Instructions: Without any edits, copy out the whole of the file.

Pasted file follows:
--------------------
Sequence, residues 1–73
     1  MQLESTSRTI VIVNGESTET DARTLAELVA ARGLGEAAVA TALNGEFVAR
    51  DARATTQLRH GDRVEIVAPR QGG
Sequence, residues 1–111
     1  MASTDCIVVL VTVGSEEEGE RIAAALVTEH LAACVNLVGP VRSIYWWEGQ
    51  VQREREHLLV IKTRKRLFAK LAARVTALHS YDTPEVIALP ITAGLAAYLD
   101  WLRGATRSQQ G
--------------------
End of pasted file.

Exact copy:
Sequence, residues 1–73
     1  MQLESTSRTI VIVNGESTET DARTLAELVA ARGLGEAAVA TALNGEFVAR
    51  DARATTQLRH GDRVEIVAPR QGG
Sequence, residues 1–111
     1  MASTDCIVVL VTVGSEEEGE RIAAALVTEH LAACVNLVGP VRSIYWWEGQ
    51  VQREREHLLV IKTRKRLFAK LAARVTALHS YDTPEVIALP ITAGLAAYLD
   101  WLRGATRSQQ G